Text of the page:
An Easy Way to Find Winning Stocks
It’s no secret that investors place a premium on lofty margins. If one business squeezes $0.15 in earnings from each dollar in sales and another manages just $0.10, the first company clearly has a big advantage.
Hansen Natural (Nasdaq: HANS) is a prime example. Powerful margin expansion enabled the drink maker to turn a 10-fold increase in sales into a jaw-dropping +4,000% surge in net income. There’s a similar story with Blackberry manufacturer Research In Motion (Nasdaq: RIMM), whose operating income has consistently climbed about +90% per year during the past decade.
These companies have created tremendous wealth for their shareholders, with Hansen returning +1,075% during the past five years while RIMM has returned a modest, but respectable +170%.
For a more recent example of what rising margins can do to a firm’s earnings, let’s peek inside the recent year-end results from consumer products maker Clorox (NYSE: CLX).
|Fiscal 2008||% of Sales||Fiscal 2009||% of Sales|
|Cost of Goods Sold||$3,098||58.8%||$3,104||57.0%|
Thanks to an impressive 180 basis point increase in gross profit margins (from 41.2% to 43.0%), it only took a modest +3.3% uptick on the top-line to produce a much stronger +16.5% increase on the bottom.
In this case, rising prices for Clorox’s products at the retail level deserve most of the credit. While this can provide a nice bump (and is reflective of powerful brands), prices can only be hiked so far before scaring away customers and pinching volume.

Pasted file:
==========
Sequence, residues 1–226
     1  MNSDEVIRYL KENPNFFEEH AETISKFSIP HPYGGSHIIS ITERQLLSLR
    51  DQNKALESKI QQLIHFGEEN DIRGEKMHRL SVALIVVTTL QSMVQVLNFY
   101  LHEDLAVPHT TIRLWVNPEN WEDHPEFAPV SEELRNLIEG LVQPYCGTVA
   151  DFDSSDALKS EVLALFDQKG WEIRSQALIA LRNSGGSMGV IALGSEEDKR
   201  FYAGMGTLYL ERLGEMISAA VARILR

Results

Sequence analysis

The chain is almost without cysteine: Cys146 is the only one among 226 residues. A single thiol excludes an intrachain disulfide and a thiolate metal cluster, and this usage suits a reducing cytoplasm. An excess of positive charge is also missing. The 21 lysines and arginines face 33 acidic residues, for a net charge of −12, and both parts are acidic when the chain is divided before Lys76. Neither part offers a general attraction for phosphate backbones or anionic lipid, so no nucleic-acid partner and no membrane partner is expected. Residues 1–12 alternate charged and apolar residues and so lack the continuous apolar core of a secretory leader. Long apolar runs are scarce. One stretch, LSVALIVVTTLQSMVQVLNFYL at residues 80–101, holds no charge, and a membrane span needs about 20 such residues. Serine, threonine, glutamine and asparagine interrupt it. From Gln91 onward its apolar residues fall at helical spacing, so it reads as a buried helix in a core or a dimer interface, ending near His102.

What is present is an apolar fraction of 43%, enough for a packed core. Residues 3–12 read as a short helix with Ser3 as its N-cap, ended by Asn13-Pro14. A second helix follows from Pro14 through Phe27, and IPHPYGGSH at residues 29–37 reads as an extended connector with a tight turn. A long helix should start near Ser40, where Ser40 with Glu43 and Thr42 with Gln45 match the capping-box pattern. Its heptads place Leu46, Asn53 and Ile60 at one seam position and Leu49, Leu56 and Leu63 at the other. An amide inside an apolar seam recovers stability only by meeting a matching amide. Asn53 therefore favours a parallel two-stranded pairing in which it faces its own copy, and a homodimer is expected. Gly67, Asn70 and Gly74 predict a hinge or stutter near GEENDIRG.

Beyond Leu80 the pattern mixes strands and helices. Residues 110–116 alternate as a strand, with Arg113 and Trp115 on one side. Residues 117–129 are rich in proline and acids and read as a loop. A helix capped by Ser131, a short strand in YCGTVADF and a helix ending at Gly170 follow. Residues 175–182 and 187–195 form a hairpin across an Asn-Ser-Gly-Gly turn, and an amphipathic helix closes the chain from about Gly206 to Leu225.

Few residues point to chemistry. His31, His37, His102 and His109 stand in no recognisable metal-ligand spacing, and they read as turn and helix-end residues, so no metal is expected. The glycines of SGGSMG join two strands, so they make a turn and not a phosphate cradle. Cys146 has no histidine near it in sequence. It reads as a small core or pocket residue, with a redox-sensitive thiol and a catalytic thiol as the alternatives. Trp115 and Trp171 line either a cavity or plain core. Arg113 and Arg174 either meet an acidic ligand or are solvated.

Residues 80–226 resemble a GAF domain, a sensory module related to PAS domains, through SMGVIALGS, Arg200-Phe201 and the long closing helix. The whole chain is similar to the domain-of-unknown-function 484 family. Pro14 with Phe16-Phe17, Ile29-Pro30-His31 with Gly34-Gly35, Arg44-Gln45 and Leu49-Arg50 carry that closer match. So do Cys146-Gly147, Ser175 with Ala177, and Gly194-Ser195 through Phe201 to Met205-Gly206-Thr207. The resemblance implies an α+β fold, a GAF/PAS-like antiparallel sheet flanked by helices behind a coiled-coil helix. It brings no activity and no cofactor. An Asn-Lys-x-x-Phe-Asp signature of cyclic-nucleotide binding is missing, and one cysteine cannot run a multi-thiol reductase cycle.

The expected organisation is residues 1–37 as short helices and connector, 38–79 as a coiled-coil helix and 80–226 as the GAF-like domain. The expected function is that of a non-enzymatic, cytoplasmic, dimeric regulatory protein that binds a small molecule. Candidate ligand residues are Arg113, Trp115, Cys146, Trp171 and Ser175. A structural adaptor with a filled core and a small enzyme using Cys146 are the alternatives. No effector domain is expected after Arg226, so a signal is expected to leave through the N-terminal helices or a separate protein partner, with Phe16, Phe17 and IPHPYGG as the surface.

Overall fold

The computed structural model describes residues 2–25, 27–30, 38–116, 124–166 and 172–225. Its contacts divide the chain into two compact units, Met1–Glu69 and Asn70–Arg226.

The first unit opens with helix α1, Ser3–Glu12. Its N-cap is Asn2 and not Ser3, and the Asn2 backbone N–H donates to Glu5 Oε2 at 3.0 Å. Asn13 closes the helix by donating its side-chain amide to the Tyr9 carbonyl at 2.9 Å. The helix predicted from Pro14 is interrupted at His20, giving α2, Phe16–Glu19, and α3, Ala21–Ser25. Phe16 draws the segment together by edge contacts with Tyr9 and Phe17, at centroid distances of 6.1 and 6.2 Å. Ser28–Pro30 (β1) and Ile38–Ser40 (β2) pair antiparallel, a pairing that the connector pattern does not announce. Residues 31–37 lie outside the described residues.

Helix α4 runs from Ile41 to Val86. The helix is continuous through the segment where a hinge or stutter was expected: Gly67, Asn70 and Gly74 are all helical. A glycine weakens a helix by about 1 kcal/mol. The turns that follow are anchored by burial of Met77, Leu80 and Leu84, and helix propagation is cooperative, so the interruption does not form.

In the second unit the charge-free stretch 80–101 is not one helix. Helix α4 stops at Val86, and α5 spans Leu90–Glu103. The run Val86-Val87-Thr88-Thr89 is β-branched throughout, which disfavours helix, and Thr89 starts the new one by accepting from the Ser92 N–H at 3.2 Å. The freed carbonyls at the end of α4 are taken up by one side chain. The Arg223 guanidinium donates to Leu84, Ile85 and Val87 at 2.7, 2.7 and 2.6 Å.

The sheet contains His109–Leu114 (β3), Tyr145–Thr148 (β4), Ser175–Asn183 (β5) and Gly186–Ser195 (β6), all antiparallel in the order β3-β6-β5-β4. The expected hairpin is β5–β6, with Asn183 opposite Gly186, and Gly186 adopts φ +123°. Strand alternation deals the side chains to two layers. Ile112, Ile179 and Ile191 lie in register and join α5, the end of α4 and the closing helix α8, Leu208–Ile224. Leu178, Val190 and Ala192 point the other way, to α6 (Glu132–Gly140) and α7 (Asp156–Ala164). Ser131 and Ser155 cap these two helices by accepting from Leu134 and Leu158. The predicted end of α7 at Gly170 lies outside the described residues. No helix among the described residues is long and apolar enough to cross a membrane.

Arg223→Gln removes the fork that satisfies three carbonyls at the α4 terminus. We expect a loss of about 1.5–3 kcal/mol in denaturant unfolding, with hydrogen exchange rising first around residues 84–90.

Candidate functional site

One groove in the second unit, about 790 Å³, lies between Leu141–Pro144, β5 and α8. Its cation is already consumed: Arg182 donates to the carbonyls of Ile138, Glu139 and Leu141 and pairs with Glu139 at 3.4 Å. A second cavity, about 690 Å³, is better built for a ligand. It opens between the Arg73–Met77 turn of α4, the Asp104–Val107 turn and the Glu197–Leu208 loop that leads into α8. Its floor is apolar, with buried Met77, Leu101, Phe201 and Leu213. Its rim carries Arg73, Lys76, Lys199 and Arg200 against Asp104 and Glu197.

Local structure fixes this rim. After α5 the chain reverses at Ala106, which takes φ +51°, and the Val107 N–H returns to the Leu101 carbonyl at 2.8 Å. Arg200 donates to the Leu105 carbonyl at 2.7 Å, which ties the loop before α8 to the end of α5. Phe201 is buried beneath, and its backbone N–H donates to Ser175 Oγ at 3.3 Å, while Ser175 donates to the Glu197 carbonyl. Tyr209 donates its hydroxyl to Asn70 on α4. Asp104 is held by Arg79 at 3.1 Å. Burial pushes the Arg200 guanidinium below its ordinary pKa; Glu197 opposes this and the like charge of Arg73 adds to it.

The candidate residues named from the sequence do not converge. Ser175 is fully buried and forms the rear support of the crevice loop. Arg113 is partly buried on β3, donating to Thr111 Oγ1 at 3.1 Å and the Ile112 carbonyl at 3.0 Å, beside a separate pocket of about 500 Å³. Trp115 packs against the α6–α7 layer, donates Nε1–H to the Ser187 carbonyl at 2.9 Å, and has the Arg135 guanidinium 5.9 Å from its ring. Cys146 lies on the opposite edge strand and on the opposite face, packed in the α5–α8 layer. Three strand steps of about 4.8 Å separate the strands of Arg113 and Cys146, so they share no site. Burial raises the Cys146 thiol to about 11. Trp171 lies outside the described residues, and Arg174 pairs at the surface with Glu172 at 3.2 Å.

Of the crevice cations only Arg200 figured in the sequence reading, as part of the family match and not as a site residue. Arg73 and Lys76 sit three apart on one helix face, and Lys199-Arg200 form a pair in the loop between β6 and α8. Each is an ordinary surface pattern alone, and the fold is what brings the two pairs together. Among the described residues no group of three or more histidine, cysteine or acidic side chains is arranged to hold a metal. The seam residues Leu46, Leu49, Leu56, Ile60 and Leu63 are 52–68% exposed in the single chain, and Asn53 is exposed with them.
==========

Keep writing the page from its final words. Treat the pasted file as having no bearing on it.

#-ad_banner-#You can also find cost-cutting initiatives (whose impact can be seen lower down on the income statement) to be another common path toward margin expansion. But again, while certainly welcome, cost cutting can only run so deep before there’s no fat left to trim.
That’s why my staff and I typically look for the rarest breed of margin expansion — the type built into the business model itself.
If a widget maker gets $1.00 for a product that costs $0.90 to get out the door, it will always have a profit margin of 10% — regardless of whether it sells 1 unit, 1,000 units, or 1 million units.
On the other hand, there are companies with high fixed expenses, but minimal variable costs — a structure that allows margins to rise along with sales. Think of a video game company that spends $1 million in upfront costs to develop a new game. That initial outlay for the first copy may be high, but the expenses to produce additional copies are negligible (maybe a few pennies for a blank DVD and packaging).
If the game retails for $50, then it will take about 20,000 units to reach the breakeven point. But from then on, the next sale represents almost pure profit — and the one after that, and the one after that…
So if the company sells 30,000 units, its gross margins rise to 33%. And if it manages to sell 40,000, then margins expand to 50%. In other words, each incremental dollar in sales is more profitable than the one preceding it. Said another way, the higher the revenues, the stronger the margin — a stark contrast to the widget maker.
Some of the most profitable investments of all time have fallen into this category — firms like Microsoft (Nasdaq: MSFT), Moody’s (NYSE: MCO), and Gilead Sciences (Nasdaq: GILD).
My staff and I have looked for the companies with the largest growth in net income, operating income, and profit margins. Here’s what we found:
|Company (Ticker)||1-Year Net Income Growth||1-Year Operating Income Growth||Profit Margin|
|Discover Financial (NYSE: DFS)||+220.7%||+70.8%||34.4%|
|Genzyme Corp. (Nasdaq: GENZ)||+169.6%||+189.9%||15.3%|
|Goldman Sachs (NYSE: GS)||+64.6%||+77.6%||22.6%|
|Apollo Group (Nasdaq: APOL)||+44.6%||+50.6%||19.1%|
|Red Hat (NYSE: RHT)||+36.9%||+28.7%||15.8%|
P.S. Expanding profit margins are just one of the catalysts we look for in a stock. Of course, sometimes we find stocks with several strong catalysts. Those are the stocks you want to buy. In fact, we’ve just found five stocks we think could double your money by 2012.